I really love Venice but there isn’t actually a lot to do on the island itself. There are some small museums and the Dodges Palace that you can explore. There is a lot of shopping, plenty of classical concerts that you can attend. Which I urge you to do if you get the chance, most are held in churches around the city and the acoustics are like nothing you have ever experienced. I attended one in college, we got all dressed up to walk over to it. Then when we got outside we realized it was pouring rain and high tide so the square was flooded. We waded our way over to it arrived late and soaking wet but still had a glorious time.
You can also take a boat over to Murano to tour the glass blowing studios or over to the Church of San Giorgio Maggiore which you can see from San Mark’s. Someday I will make my over to those other islands.
But personally I like that there isn’t a laundry list of must see places. The city is beautiful and unique and to me the best way to experience is to just live it. Wander the streets aimlessly, pop into random shops, talk to locals, eat everything that sounds good and just sit and watch life go by on the canals. The most vivid memories I have of the place is the hardware store we found and the little dog named Luna that we found snoozing outside of it. The sheer volume of pizza and gelato we consumed from street vendors while watching people deliver food to restaurants and homes via narrow canals and even narrower boats. And watching all the couples in love dance in the middle of the street from music that seems to always be present and always lovely.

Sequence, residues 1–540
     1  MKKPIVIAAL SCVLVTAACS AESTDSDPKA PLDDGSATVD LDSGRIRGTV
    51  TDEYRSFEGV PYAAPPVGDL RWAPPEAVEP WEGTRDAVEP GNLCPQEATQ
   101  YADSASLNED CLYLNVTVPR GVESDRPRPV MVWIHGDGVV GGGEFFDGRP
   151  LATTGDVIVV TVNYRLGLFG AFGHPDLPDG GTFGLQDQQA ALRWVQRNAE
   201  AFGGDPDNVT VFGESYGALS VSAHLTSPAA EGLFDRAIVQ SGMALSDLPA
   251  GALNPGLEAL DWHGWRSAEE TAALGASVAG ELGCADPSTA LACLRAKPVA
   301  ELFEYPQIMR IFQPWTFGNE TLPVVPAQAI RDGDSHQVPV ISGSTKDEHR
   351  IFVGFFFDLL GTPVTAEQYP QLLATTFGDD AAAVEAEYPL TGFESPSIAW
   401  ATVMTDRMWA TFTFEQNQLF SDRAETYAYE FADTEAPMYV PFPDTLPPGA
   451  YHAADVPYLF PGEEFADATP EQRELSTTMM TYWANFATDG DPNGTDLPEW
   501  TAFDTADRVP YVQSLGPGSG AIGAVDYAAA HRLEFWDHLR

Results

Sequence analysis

We left Venice as we arrived in the dark on a night train to Austria. I haven’t been back but I do want to return one day. It is a really great city for an extended relaxing stay or even just a night. Either way the experience is most certainly worth the trip.